Envis Centre, Ministry of Environment & Forest, Govt. of India

Printed Date: Sunday, March 3, 2024

Call to preserve habitat of Great Indian Hornbills in the Nilgiris











With the breeding season of the Great Indian Hornbill (Buceros bicornis) almost at an end this year, the need to preserve what’s left of its habitat in the Nilgiris has never been greater. 




Researchers said that the bird’s prime nesting grounds are located in the evergreen forests that come under the jurisdiction of the Nilgiris North-Eastern Range in the Nilgiris, where many pairs of the bird, which usually mate for life, were spotted this year during the breeding season, which extends from January till around April every year. 




The species, which has been listed as “Near Threatened” by the International Union for Conservation of Nature (IUCN), is believed to number less than a few hundred in Tamil Nadu, with a significant proportion of them being found in the Western Ghats and the Nilgiris. The nesting grounds of the birds in the Nilgiris North Eastern Range are also believed to support some of the highest densities of the species in Southern India. 




Speaking to The Hindu, P. Balasubramanian, Senior Principal Scientist, Salim Ali Centre for Ornithology and Natural History (SACON), who had studied the species a few years back, said that the frugivorous bird are an extremely important component of the local ecology, as they also help in dispersing seeds from the fruits that they consume to different parts of the forest.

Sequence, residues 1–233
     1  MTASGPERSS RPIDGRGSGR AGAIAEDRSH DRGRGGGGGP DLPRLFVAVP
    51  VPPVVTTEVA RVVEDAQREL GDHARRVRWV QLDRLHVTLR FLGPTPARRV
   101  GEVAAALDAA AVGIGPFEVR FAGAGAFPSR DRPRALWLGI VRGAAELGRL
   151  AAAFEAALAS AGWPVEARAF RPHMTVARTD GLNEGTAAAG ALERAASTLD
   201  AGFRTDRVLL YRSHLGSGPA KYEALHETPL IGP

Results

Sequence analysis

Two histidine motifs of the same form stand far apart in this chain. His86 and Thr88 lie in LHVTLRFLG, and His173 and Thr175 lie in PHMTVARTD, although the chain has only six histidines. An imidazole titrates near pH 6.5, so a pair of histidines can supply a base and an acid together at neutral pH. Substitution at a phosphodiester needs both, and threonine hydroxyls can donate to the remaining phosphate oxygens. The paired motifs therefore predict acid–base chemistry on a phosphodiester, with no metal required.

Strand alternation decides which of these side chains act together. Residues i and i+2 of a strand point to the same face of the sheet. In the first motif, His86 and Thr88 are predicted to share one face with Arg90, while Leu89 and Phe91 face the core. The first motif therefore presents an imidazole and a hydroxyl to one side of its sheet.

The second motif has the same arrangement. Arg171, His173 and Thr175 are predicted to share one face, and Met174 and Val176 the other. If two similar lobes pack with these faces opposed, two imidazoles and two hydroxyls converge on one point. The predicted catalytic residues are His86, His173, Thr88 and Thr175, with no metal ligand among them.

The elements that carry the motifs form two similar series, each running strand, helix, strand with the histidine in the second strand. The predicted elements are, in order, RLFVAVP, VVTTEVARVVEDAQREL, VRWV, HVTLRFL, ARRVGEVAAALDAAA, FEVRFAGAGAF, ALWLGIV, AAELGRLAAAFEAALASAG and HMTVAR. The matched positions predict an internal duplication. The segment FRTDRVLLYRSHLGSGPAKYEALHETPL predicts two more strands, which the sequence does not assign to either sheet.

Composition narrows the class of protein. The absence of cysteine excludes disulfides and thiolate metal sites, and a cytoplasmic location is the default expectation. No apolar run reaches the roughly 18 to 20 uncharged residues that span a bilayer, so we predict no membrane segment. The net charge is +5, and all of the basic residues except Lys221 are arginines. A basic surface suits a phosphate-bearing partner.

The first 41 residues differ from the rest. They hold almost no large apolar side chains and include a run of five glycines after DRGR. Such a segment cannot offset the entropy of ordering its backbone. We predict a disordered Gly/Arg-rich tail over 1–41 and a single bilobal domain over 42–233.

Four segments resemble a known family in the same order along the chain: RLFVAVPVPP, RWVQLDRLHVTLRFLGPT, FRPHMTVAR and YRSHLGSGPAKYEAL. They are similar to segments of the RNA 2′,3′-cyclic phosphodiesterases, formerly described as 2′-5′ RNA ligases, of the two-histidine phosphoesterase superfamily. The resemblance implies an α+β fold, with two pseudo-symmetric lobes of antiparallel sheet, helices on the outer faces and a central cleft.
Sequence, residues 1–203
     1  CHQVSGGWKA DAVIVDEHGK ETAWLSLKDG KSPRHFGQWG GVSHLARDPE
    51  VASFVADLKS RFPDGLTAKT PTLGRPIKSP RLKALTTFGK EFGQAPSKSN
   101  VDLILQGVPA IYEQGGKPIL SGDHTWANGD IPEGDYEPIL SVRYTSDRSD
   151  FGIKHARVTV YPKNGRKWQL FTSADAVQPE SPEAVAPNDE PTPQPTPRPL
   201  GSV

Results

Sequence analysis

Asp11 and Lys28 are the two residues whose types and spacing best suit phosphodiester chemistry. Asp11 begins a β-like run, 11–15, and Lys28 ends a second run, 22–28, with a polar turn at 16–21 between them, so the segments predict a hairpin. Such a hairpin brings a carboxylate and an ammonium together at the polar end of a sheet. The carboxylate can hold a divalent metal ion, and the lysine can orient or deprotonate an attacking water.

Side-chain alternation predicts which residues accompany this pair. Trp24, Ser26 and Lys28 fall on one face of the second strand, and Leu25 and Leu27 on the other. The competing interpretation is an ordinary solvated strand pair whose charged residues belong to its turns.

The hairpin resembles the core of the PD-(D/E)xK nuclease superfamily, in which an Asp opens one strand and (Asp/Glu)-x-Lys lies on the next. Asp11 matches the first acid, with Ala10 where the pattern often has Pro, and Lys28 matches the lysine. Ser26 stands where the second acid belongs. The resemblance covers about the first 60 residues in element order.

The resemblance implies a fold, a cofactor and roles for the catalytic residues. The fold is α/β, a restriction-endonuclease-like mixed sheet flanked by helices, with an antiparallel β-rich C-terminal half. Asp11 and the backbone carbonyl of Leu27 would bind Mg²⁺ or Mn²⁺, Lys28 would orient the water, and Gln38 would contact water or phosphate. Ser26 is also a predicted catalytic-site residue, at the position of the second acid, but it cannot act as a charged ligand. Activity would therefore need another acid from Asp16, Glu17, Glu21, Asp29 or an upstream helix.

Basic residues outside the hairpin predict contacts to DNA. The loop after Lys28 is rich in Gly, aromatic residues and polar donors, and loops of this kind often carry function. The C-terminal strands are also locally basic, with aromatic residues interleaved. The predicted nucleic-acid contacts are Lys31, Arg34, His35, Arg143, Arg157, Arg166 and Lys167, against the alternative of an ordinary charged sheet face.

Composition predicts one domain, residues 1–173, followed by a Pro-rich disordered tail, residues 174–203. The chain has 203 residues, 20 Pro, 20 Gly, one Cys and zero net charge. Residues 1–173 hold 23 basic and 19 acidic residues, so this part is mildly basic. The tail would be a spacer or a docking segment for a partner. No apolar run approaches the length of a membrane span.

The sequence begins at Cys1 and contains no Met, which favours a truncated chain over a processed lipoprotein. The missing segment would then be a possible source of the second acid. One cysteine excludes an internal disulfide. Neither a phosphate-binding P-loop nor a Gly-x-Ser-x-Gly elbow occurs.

Dr. Balasubramanian also spoke of the birds’ breeding habits, with the male bringing food to the female, which nests in a sealed tree cavity along with her eggs to stop any predators from entering her nest. 




The researcher also called for the protection of the nesting sites of these magnificent birds to ensure that the population remains stable. “The Great Hornbill prefers mid-elevation, evergreen forests, and these habitats have become fragmented over the last few decades. With increased human activity in many of these belts, including agriculture, the pressure on their habitats have increased, and these nesting sites need special protection,” he added. 




Though the habitats of the Hornbill are indeed facing increased pressure from anthropogenic activities, the birds are also resilient as they can fly long distances and criss-cross between different habitats, and find fruits to consume, especially figs, which form the majority of their diet. 




S. Kalanidhi, District Forest Officer (Nilgiris North Division), said that the Forest Department was taking all necessary steps to ensure that the habitats of the Great Hornbill are protected. “We keep a strict vigil on ensuring that the Shola and evergreen tree species are not disturbed or cut down, and we also do not give permission for any development activities around these forests,” he said. 




V. Selvam, Forest Range Officer, and teams of forest staff are said to conduct regular patrols near the nesting grounds to ensure that the birds are protected and that the fruit-bearing trees they depend upon are not destroyed. Conservationists said that over the years, poaching of the Hornbill has almost been completely eradicated, but added that pressures on their habitats still persist.









Source: The Hindu